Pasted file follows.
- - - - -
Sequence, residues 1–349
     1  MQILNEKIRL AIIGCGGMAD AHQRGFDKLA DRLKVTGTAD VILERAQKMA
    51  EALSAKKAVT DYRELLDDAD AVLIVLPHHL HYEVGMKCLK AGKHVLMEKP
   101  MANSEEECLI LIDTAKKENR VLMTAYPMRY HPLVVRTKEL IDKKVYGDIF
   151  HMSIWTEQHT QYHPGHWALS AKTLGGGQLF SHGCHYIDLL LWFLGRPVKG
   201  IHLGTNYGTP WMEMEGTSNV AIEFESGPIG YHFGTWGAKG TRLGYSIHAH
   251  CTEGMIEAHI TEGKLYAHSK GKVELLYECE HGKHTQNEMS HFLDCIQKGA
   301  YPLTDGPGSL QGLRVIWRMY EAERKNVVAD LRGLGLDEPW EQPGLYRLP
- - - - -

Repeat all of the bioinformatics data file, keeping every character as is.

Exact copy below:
Sequence, residues 1–349
     1  MQILNEKIRL AIIGCGGMAD AHQRGFDKLA DRLKVTGTAD VILERAQKMA
    51  EALSAKKAVT DYRELLDDAD AVLIVLPHHL HYEVGMKCLK AGKHVLMEKP
   101  MANSEEECLI LIDTAKKENR VLMTAYPMRY HPLVVRTKEL IDKKVYGDIF
   151  HMSIWTEQHT QYHPGHWALS AKTLGGGQLF SHGCHYIDLL LWFLGRPVKG
   201  IHLGTNYGTP WMEMEGTSNV AIEFESGPIG YHFGTWGAKG TRLGYSIHAH
   251  CTEGMIEAHI TEGKLYAHSK GKVELLYECE HGKHTQNEMS HFLDCIQKGA
   301  YPLTDGPGSL QGLRVIWRMY EAERKNVVAD LRGLGLDEPW EQPGLYRLP